Editor’s Note: There is a tendency in American media to associate issues of poverty with images of Black- and Brown-skinned persons, such as the Latino grandfather holdings his grandchild in the image accompanying this post. Because StayUp.News focuses on social issues in poor urban spaces, and our principal bases of operation are Baltimore, MD, and New York City, almost all of the images we own are of Black- and Brown-skinned persons, as we simply do not spend a lot of time in predominantly White spaces. As such, the image accompanying this post is not intended to racialize the idea of ‘low-income families,’ but is a reflection of the communities StayUp.News centralizes in its coverage.
StayUp.News editor-in-chief Roberto E. Alejandro recently sat down for a phone conversation with Urban-Brookings Tax Policy Center at the Urban Institute‘s Senior Research Associate Elaine Maag, for a discussion about a new Young Child Tax Credit she has proposed alongside Urban Institute Senior Fellow Julia Isaacs.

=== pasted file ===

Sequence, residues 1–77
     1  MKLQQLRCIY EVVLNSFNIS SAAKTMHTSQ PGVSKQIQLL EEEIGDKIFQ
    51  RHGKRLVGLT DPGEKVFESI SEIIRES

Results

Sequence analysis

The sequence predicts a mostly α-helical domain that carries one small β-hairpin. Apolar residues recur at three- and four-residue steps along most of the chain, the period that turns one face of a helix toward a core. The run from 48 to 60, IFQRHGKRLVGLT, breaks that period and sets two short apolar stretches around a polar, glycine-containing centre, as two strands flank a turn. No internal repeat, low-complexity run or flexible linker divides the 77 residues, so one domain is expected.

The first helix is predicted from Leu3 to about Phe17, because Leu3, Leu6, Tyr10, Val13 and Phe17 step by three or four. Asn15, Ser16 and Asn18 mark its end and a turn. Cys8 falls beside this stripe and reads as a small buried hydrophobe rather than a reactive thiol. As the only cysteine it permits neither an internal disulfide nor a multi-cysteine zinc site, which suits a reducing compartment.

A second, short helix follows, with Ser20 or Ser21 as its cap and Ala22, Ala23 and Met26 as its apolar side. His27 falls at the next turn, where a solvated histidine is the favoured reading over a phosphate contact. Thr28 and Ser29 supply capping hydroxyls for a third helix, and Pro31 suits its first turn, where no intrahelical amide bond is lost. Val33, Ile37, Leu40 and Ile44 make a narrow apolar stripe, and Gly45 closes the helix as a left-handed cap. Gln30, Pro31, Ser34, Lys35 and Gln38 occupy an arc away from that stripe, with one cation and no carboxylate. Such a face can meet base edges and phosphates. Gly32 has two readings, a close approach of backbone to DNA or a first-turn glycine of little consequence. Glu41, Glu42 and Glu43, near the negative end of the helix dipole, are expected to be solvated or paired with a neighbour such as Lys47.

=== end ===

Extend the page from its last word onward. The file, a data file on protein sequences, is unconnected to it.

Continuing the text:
The credit would go to families with children under five, and phase in at a rate of $0.50 for every dollar earned, beginning with a family’s first dollar of income (the current Child Tax Credit, which the Young Child Tax Credit would supplement, does not begin to phase in until the $3,001 dollar of income, and then at a rate of $0.15 for every dollar earned). Put another way, for every dollar earned, a family would be credited as though it paid $0.50 in taxes. That credit, under the proposal, would be refundable, so if, at the end of the year, the family has earned a credit higher than what they owe in income taxes, the family receives back the difference as a tax refund.
Press play above to learn more about how the proposed Young Child Tax Credit would work, and how it can help families with young children, who typically earn less than families with older children (h/t).
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